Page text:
The school is a nuts-and-bolts, magical kind of place, which executive director Pearl Kaufman keeps together with a lot of grit and fortitude. Mrs. Kaufman says that her students, along with the 2,000 who have already graduated, would have gone to public school and probably would have lost all their Jewish identity had they not been schooled at Be’er HaGolah.
The struggle to keep the doors open is both constant and endless, and that is why the indomitable Pearl Kaufman keeps creating and churning out events that make it all possible. To that end, Be’er HaGolah is hosting its annual dinner on Tuesday night, June 10 at Terrace on the Park with guests of honor Lonnie and Michael Schick and Deborah and Shlomo Katz—both of whom reside in Lawrence.
Where does the magic mentioned above come into the picture? Well, Pearl Kaufman will tell you that of the $4.5 million annual budget, only $300,000 is derived from tuition. It’s pretty simple, Pearl says. “If we would assess families any additional fees, their kids would be in public school the next day.” She points out that today in Queens there are 10,000 youngsters from Russian and Bucharian families who attend public schools. Statistically and based on experience, she adds, those kids will be lost to Yiddishkeit.
“It was a very nice and even important thing that in the 1970s and 80s we protested, demonstrated, and davened for the release of Jews from the then-Soviet Union,” Kaufman says. “Okay, they are here, they are older, and their children are growing up. Now what?”
She cites the example of one of her current teachers who explained to her that when her family arrived in this country, two of her sisters said that they did not want to attend yeshiva. She said that they thought the language—Hebrew—would be too difficult for them. Our subject, the third sister, decided to give it a try and asked her parents to enroll her in Be’er HaGolah. Today, the teacher is raising a frum family with children in regular mainstream yeshivas while her two sisters married Christians and had their children baptized.
So as you can see, it is important to take a step back and look at the bigger picture as far as gaining an appreciation for what is at stake here.
As to the connection to the Schick and Katz families, Pearl Kaufman cannot say enough about their largesse and open hands and hearts. Kaufman explains that because a great deal of Be’er HaGolah’s young leadership hails from the Five Towns, she naturally turned to one of our community’s preeminent caterers to provide the food service for their annual event. Michael provided an unlimited amount of top-notch food for the event at no cost.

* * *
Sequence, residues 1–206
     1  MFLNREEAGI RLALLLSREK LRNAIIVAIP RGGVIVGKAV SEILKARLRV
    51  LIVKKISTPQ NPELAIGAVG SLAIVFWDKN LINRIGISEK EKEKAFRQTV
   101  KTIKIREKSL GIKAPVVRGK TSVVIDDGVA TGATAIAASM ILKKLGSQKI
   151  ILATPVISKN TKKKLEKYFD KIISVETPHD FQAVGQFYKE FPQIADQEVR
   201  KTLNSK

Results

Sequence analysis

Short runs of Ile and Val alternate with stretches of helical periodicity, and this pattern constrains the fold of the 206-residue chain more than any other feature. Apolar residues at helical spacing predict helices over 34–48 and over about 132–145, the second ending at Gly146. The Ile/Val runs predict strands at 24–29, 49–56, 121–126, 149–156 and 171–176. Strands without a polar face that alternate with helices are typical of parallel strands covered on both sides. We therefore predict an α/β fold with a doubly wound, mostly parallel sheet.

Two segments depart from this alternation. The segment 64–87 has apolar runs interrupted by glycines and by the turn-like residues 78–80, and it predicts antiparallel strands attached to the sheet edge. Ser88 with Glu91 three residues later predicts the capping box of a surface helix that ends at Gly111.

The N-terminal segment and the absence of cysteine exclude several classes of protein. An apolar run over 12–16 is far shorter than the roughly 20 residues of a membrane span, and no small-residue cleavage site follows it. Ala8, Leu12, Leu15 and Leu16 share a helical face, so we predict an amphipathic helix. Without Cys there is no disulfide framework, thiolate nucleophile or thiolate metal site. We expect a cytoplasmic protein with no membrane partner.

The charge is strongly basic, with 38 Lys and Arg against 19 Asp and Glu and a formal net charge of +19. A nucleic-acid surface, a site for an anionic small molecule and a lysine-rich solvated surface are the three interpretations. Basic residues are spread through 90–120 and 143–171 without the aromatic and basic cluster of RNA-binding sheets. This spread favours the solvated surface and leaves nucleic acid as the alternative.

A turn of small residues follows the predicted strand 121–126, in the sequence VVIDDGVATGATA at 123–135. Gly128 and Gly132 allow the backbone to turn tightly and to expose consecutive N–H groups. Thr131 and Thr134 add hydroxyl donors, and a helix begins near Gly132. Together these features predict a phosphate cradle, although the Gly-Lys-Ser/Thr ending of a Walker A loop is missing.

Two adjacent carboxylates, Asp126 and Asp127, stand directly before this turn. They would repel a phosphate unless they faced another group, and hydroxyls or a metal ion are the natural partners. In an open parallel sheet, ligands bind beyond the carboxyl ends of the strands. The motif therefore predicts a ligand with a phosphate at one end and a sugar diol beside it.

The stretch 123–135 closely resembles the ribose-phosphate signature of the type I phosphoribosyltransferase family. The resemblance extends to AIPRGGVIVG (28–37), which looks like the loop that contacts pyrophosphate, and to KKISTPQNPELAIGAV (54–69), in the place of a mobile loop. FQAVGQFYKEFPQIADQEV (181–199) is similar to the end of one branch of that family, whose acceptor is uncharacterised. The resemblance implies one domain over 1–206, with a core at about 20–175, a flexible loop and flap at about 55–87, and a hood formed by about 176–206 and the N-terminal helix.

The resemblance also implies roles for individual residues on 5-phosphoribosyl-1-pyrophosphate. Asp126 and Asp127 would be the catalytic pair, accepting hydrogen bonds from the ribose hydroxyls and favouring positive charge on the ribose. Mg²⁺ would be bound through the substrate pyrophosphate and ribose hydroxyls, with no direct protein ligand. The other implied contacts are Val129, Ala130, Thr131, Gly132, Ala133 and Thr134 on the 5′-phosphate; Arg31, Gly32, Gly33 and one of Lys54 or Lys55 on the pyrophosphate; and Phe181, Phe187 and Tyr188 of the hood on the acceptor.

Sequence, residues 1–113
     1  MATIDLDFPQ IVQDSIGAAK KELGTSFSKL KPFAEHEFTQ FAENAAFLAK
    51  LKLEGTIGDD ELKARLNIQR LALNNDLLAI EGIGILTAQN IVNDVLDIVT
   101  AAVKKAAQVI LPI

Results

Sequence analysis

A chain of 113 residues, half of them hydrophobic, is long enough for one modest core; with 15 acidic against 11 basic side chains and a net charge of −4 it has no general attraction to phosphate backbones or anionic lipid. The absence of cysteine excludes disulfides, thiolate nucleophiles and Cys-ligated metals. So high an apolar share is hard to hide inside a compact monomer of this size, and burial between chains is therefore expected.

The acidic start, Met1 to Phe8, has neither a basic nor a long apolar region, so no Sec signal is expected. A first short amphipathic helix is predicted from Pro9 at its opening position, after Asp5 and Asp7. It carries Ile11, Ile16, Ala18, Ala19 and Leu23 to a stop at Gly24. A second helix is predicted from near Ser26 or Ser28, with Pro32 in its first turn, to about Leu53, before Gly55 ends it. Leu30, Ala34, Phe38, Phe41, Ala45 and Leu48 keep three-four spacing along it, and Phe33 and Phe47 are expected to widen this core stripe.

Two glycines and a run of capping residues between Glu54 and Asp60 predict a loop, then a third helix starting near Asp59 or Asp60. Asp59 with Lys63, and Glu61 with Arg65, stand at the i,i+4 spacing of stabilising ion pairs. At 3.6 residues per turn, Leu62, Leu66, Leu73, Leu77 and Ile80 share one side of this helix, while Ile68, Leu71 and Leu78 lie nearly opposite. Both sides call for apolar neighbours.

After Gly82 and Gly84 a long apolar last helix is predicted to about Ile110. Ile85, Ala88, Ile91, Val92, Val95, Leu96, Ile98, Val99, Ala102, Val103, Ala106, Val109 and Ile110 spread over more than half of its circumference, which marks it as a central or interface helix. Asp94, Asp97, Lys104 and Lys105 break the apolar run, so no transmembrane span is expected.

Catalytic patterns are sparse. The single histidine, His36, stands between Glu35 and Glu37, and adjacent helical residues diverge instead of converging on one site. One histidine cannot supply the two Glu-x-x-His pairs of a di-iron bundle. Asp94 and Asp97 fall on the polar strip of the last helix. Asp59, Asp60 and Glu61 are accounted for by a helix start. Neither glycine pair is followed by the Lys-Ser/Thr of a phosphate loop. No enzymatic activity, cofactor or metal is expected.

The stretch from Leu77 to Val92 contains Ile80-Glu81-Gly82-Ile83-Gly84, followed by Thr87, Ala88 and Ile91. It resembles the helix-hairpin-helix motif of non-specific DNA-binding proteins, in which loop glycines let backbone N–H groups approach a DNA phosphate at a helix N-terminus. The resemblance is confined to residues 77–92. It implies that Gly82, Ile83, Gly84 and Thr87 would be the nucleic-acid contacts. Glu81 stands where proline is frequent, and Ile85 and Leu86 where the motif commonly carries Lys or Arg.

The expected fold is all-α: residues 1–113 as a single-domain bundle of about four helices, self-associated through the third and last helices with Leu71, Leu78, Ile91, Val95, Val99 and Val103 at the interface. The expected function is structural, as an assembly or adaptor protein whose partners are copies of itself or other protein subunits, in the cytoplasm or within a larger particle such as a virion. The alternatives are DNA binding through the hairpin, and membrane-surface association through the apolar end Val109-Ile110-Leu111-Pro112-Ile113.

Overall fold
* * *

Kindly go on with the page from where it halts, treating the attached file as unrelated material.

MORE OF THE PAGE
Lonnie Schick says that she often wondered why Michael had decided to do so much for so long for Be’er HaGolah. That was until this past year when she was placed as a social worker in the yeshiva and was instantly won over and arrived at the conclusion that whatever she and her husband can do for the school will in actuality never be enough.
And Pearl Kaufman says much the same about Deborah and Shlomo Katz, who are also in the catering business and are people who are obsessed, according to Pearl, about what they can do for others.
The dinner will also recognize the value of the contribution of Rabbi Mordechai German, who took over the educational guidance of the school after his father, Rabbi Avner German, passed away two years ago. The senior Rabbi German was unique and an inspiration to the students, Pearl says, and now his son is following in his footsteps.
And she cannot say enough about the inimitable Zev Wolfson, z’l, who provided the start-up money that enabled the school to open 35 years ago and to Joseph Gruss and the Gruss Foundation, which made their building in Brooklyn a reality.
More than anything else, Pearl Kaufman wants me to urge everyone reading this to participate in and attend the dinner on June 10 as they pay tribute to these unique individuals who dedicate their lives to turning that which is seemingly impossible into something possible. And that is the Be’er HaGolah story in a nutshell. For more information about the dinner, call Mrs. Kaufman at 718-642-6800, ext. 105. v